Tuesday, 28 June 2011

POVERTY: Ghana: 30% are poor

21 June 2011

It is official! One out of every three Ghanaians cannot afford the basic necessities of life. According to a report commissioned by the World Bank, 30 percent of Ghanaians are poor, in spite of several years of rapid economic development in the country.

The disparity in the poverty range of the country could not have been wider. According to the report, while on the average, 20 percent of Ghanaians in the south are poor, a whooping figure of 63 of every 100 Ghanaians in the north have no means of acquiring the basic necessities of life.
The report, entitled “Participatory Poverty and Vulnerability Assessment (PPVA): Understanding the Regional Dynamics of Poverty, with particular focus on Ghana’s Northern, Upper East and Upper West regions”, added that so many people in Ghana are vulnerable and slipping into poverty.
The Lead Economist of the World Bank, Sebastien Dessus, told participants at the Bank’s Development Dialogue series in Accra, yesterday, that while poverty generally, was coming down in Ghana, it was rather going up in the north.
A Researcher of the report, who is also an official of the Participatory Development Association (PDA), David Korboe, stated: “The most consistent descriptor of poverty is the inadequacy of food supplies on a year-round basis, especially, in rural and semi-urban areas.”
According to him, in the rural communities, with particularly children, the elderly, disabled people, women and men, the report mentioned hunger as an experience characterising poverty.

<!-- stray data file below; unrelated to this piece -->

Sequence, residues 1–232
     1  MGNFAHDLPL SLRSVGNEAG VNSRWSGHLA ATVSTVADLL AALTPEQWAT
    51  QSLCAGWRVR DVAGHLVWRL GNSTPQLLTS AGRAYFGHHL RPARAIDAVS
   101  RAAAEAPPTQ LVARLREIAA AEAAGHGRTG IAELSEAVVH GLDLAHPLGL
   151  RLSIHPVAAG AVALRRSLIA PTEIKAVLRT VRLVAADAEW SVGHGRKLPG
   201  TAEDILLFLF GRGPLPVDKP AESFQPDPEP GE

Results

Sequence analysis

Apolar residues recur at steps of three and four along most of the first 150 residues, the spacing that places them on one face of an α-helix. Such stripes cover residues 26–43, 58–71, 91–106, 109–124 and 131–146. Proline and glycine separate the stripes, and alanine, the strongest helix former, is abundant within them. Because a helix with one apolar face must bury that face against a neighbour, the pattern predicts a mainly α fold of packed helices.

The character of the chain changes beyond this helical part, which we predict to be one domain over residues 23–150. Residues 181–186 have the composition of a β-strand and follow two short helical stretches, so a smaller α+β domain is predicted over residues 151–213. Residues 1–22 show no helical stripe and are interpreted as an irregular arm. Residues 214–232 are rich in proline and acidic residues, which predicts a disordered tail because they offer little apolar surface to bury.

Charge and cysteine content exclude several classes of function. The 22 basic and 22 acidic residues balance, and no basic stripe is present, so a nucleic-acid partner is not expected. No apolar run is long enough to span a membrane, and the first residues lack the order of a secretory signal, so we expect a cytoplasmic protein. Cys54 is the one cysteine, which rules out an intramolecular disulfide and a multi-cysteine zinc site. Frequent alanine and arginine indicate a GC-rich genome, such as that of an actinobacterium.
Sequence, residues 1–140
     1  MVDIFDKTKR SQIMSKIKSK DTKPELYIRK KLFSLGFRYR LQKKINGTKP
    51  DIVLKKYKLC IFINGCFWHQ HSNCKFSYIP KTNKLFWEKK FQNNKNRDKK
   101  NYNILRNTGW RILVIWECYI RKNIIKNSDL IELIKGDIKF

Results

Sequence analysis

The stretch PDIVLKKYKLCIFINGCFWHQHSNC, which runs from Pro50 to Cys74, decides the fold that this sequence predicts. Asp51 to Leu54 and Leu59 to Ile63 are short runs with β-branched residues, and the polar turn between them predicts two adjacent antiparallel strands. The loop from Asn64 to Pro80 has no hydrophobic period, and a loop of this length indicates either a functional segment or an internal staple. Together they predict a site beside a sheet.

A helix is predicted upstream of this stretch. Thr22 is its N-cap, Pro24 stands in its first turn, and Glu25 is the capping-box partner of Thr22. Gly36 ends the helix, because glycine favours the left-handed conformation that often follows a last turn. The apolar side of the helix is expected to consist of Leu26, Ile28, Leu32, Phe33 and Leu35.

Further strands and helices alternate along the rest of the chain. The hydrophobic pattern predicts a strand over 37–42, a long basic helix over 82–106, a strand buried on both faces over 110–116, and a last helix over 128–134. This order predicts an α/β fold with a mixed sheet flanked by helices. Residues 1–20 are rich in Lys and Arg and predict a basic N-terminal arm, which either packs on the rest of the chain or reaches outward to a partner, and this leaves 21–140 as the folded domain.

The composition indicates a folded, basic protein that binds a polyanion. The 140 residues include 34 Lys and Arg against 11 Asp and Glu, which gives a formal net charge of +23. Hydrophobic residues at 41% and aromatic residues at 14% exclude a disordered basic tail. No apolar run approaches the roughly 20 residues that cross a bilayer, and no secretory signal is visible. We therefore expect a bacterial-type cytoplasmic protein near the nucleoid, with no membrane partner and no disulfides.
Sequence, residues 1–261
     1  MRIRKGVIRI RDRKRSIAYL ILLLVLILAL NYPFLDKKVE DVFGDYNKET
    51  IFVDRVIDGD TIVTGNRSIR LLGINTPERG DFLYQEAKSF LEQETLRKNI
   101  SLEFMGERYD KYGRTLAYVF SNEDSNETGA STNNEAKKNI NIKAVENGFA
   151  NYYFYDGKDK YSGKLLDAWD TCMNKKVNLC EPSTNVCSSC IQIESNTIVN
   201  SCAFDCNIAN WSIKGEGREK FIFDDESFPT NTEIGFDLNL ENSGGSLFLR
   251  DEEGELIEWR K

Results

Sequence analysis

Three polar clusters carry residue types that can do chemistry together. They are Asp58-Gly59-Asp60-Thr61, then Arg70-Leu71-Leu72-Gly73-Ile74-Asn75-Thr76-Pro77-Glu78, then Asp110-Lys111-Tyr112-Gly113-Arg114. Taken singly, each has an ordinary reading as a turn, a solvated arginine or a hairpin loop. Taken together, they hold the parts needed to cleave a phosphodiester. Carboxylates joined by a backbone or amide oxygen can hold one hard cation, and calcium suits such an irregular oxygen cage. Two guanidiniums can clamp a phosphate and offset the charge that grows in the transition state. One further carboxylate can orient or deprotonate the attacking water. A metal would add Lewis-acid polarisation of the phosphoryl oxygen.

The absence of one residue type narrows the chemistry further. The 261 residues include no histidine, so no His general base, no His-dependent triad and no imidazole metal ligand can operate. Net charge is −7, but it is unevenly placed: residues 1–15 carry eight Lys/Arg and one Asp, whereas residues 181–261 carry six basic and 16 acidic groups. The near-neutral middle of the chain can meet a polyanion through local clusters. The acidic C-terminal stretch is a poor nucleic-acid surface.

The report, which described poverty according to communities studied, indicated that in the Shai area in the Greater Accra Region, poverty is “when you cannot feed your children without begging.” Even in the more fertile southern sites such as Alikrom, Atta-ne-Atta and Kokrompeh, the poor migrant communities from the north are afflicted by hunger.
In one community, poverty is also “when people cannot afford basic needs” such as financing their children’s education, healthcare, or the trousseau or bride-wealth needed for marriage.
Mr. Korboe, therefore, indicated that the sheer lack of income-earning opportunities during the long slack season was decried by able-bodied adult groups, both in the savannah, as well as among those who had migrated south.
The PPVA, therefore, identifies multiples of factors such as ecological, economic, social and institutional, as the drivers and sustainers of vulnerability in the north.
Touching on capabilities of the north, Mr. Korboe told the well-attended forum: “Frequent interruptions to children’s schooling adversely affect their life chances. Boys are frequently pulled out of school to hunt, work in the fields and pastures, or help repair flood damaged walls.” Girls may be required to skip school in order to assist their mothers in the market.
The PPVA further stressed that in the rural schools especially, the lack of trained teachers was striking, denying the poorest children the opportunity to receive competitive education.
Contributing to the discussions, Dr. Augustine Gockel, a lecturer at the University of Ghana Business School, said the sub-agricultural sectors were not driving growth in the agricultural industry, and therefore, called on the government to prioritise poverty interventions targeted at the north.

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